This morning, just before and after sunrise, I completed my last pre-marathon workout. The long runs are also behind me now. I would not go as far as to say that I am in a taper, because a 28-mile-per-week program does not need - cannot afford - to be reduced. I am officially resting though. The work is done.
As I indicated in previous posts, the training I am referring to did not go according to the plan. Such is life. I am not surprised by the divergence nearly as much as I am amazed by the fact that I actually made it to this point. Never before have I encountered so many obstacles while in a race build up. The job, with the extra duties like the freebie class, meetings, coaching, and writing letters of recommendation, presented new detours each week. My back coerced my right piriformis and hamstring into hobbling me for an annoyingly consistent and prolonged time period. That, in turn, caused a series of related aches and pains in my hips and knees. And my vision seemed to deteriorate. I am not sure how that last one worked against the plan but I am convinced it was part of the full-body conspiracy. Damned aging, anyway . . .
So, I've got ten days to back off in a manner that will give my body time to reach an equilibrium that will favor a solid marathon performance. My reliable and undeniable ability to make questionable decisions led me to go ahead and enter the full marathon. Actually, I have three more days to "downgrade" my entry to the half, but I do not intend to do so. Instead, I will pour my energies into doing all of the little things that might add up to a positive performance in Indy: stretching, heating, standing(!), massaging, and, of course, easing up on the throttle a bit.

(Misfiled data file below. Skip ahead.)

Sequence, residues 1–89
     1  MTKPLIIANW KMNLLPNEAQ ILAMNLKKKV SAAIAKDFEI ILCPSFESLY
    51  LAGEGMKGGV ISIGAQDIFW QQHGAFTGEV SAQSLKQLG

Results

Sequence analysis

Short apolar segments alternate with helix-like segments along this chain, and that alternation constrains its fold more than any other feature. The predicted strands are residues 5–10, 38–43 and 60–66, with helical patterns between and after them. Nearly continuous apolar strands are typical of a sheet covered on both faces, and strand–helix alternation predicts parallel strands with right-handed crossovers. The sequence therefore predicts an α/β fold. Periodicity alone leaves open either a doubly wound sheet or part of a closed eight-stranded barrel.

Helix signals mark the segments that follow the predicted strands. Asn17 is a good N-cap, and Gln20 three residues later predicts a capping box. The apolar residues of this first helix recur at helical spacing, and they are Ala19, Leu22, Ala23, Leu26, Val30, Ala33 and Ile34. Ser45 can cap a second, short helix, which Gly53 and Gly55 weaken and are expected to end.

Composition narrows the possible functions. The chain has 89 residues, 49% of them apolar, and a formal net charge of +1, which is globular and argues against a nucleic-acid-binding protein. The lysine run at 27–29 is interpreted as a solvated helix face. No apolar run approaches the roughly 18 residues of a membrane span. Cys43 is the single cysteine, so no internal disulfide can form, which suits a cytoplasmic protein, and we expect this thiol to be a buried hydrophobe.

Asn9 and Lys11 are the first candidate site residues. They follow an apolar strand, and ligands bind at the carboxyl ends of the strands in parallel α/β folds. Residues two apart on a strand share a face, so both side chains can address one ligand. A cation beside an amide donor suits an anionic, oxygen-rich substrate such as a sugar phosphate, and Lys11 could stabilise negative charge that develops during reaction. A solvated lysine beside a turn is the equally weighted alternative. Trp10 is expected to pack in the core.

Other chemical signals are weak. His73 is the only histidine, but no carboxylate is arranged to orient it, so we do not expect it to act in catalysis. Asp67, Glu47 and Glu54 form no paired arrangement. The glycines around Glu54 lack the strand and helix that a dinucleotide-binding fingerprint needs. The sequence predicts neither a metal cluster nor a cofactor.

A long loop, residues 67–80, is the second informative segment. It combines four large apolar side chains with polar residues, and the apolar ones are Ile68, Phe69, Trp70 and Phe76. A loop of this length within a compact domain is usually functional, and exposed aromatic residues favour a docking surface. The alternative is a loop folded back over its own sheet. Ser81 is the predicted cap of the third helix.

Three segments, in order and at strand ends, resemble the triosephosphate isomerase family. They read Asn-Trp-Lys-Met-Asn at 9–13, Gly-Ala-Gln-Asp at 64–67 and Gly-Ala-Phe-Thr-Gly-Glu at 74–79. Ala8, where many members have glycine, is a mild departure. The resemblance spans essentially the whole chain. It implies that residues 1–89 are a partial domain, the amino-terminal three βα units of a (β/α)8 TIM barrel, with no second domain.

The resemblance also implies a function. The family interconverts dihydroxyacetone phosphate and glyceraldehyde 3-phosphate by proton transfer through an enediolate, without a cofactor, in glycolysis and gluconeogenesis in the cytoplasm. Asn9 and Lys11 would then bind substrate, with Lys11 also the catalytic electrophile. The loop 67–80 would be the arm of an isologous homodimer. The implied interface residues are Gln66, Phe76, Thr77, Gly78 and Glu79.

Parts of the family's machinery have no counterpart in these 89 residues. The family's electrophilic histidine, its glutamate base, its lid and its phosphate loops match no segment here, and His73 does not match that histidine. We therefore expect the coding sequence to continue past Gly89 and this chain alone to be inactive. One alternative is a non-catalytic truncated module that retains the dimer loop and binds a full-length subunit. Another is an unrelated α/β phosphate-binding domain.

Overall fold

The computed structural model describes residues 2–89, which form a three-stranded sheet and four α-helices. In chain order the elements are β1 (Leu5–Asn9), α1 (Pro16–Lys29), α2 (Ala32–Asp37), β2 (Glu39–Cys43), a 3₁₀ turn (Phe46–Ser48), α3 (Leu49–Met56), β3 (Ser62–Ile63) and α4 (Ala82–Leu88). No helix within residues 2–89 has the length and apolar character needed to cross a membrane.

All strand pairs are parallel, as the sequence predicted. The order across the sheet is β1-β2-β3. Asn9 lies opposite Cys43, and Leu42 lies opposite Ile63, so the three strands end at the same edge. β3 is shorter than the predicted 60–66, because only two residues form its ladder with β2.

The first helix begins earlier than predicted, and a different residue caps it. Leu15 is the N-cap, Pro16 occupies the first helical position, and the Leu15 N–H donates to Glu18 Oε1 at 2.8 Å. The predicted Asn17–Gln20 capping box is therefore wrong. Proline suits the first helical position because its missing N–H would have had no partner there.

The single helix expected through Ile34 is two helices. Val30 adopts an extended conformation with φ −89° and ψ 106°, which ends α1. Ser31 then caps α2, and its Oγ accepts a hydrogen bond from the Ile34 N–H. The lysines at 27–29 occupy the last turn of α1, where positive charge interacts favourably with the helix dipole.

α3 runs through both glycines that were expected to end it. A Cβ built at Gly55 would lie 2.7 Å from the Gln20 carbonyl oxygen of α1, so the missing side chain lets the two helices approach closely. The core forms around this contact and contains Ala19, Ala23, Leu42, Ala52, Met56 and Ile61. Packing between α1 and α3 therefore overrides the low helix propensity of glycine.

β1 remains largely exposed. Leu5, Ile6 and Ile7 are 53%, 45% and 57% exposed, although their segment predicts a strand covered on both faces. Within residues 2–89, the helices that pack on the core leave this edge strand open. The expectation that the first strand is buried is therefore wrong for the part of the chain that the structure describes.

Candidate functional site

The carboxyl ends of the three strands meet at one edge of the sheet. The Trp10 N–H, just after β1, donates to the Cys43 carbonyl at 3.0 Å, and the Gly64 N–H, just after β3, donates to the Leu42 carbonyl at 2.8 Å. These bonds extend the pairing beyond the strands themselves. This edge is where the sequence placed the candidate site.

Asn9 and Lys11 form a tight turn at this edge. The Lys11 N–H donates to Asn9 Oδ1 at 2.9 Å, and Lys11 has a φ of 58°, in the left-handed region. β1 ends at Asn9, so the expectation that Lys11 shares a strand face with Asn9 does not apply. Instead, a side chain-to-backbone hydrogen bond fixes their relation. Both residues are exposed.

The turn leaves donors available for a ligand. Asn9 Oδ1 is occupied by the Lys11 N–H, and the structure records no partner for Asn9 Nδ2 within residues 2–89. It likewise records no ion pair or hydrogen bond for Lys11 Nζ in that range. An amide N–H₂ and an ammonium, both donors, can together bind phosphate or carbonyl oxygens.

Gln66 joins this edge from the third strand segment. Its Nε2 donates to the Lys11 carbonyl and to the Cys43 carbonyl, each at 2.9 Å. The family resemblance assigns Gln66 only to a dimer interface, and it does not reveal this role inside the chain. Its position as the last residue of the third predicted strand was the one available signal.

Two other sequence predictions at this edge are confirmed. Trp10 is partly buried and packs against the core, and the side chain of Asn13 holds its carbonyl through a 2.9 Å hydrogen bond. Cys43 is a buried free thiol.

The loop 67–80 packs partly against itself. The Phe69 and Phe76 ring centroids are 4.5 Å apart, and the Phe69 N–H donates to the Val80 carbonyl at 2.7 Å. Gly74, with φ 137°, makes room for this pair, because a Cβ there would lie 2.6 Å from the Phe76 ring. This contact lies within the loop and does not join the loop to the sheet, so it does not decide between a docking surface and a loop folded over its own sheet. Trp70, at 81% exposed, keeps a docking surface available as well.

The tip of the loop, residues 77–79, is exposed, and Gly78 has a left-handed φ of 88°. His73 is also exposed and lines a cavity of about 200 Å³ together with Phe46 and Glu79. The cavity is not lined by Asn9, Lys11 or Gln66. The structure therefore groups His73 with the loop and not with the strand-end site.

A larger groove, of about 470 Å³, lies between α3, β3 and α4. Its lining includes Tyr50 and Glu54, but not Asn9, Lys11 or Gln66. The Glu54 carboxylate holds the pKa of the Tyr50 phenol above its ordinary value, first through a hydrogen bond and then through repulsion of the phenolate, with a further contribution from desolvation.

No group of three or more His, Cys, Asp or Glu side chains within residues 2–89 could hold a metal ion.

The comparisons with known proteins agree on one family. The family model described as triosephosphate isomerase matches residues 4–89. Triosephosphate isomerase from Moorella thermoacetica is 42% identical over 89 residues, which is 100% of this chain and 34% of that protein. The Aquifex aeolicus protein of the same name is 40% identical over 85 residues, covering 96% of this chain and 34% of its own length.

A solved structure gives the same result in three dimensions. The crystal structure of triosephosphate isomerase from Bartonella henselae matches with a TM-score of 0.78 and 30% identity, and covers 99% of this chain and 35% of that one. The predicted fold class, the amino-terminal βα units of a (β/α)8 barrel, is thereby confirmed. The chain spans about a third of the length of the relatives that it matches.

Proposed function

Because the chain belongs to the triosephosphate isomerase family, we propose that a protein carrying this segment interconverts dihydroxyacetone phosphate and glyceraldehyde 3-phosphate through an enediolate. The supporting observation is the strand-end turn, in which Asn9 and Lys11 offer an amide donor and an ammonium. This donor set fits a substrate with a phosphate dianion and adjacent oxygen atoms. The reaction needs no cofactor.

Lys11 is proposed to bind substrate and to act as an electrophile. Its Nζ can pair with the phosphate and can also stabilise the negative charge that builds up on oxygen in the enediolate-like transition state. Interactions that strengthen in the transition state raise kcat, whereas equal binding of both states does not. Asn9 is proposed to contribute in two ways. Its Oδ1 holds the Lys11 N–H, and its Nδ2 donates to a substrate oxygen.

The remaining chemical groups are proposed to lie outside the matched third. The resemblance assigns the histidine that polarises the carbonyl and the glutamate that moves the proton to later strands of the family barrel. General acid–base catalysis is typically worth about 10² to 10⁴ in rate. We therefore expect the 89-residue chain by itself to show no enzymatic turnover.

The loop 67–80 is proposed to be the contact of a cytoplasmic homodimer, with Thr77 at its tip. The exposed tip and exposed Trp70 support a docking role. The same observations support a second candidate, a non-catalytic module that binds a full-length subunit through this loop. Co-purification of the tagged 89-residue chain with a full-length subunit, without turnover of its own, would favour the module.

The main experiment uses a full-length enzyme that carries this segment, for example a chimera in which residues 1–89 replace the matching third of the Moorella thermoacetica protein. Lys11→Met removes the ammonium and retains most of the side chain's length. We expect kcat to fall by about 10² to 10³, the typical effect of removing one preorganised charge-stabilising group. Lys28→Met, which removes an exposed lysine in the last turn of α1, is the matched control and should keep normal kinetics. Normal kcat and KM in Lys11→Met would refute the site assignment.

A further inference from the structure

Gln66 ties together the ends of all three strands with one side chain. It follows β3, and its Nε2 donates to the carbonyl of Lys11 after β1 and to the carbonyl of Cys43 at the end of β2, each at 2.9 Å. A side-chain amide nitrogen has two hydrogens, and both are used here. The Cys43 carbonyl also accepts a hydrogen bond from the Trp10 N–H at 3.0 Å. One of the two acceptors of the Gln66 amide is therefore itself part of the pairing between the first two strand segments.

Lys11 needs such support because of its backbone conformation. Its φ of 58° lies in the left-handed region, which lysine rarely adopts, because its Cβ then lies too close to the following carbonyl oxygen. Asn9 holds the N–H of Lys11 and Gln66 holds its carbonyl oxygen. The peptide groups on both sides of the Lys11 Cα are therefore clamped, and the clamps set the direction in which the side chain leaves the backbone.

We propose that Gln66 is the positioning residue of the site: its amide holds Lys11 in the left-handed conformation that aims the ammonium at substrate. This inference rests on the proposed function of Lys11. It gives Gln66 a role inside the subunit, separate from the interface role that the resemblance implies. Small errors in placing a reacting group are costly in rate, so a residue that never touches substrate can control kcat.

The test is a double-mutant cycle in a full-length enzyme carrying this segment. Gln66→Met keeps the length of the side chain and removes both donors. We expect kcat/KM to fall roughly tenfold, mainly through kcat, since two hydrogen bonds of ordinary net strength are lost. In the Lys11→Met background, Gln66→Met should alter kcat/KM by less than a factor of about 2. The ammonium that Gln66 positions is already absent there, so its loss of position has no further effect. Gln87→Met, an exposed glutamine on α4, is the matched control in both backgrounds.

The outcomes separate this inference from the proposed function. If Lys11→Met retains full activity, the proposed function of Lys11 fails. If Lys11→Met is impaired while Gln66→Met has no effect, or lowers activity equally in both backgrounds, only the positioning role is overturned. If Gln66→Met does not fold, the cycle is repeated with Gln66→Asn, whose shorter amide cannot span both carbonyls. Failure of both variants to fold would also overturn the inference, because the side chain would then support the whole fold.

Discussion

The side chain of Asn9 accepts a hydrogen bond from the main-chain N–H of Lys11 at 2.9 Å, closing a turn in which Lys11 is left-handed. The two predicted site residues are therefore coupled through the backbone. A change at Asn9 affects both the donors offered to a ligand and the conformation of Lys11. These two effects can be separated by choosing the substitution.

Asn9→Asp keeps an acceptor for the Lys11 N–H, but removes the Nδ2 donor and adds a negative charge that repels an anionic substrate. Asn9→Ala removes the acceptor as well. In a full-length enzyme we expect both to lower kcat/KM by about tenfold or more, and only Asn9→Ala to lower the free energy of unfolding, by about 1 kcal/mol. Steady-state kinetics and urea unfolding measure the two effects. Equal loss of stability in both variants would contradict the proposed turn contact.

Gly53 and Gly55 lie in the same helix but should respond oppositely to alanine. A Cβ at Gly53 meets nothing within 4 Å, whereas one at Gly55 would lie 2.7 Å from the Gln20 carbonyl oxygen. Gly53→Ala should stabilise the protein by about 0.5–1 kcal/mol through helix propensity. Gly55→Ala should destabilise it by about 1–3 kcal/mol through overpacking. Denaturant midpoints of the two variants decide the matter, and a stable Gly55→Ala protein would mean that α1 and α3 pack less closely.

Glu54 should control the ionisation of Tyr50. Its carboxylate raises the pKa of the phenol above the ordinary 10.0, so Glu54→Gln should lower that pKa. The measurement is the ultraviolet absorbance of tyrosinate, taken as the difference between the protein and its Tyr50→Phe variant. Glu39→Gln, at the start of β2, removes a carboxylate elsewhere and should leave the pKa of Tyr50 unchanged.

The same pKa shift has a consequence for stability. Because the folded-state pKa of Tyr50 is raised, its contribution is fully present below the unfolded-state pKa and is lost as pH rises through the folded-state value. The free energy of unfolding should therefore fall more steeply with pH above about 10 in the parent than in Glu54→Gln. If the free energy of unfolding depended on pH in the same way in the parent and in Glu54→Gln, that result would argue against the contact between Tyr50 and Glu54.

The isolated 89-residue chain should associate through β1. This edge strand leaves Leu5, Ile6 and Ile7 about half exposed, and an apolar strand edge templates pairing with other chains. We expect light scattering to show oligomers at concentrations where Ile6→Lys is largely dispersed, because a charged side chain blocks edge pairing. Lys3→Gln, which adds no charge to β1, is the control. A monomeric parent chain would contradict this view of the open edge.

Review of my log indicates that I have averaged 28.3 mpw for nine weeks. This is an interesting number - to me. The plan called for me to follow my ultra program for long runs, but the back rejected that notion. That would have resulted in an astounding 33 mpw average! Runs longer than 13 miles during the build-up can be counted on one hand, with the longest being a tad under 20 miles.
I must reveal that the 28.3 mpw gives me a jolt of confidence, though, because the most I have ever averaged while training for a marathon is 26 mpw. The result? A 2:52 effort at the Huntsville, Alabama Rocket City Marathon in Dec. 2009. (I have a knack for running 2:51-53 at the RCM.)
A more thorough analysis reveals that I also ran 53 miles at a sub-6:15 pace during that nine week period. That, folks, is solid and significant for a 28 mpw program! The piriformis/ham/disc gang only cost me one day of pace work.
What can I run after this build-up? That is any one's guess, really. There is simply no margin for error with such a low mileage plan. A fast half marathon is certainly within my grasp, but I feel this primal urge to suffer. If all goes well, I will run low-2:50 or just under 6:30 per mile. I would like to go faster, but the dice have been tossed. I am not complaining. In fact, I am elated about being healthy enough to run a marathon.
It is the pain that accompanies road marathons off of low mileage that I must avoid thinking about for ten days. Then, on November 5th, I will do as I always do in marathons. I will run my pace until the wheels come off. At that point I will keep moving in a Quasimodo fashion until I reach the finish line. Luckily, Jeremy has agreed to drag me to the cheeseless pizza and beer. Hehehe . . .
On another more sane note, I have recently become an Official Polar Ambassador. I will continue to tout the benefits of using Polar HRMs. Anyone who has seen me race or train over the last two decades has seen that familiar black strap around my torso. And those who have listened to me speak about my training philosophies have heard me talk of intensities, paces, and economies in terms of heart rate. Many people have then gone out and purchased their own heart rate computers. I will continue to provide information about training and racing with HRMs. The primary difference, I guess, is that the people of Polar are now aware of my long-standing ambassadorship.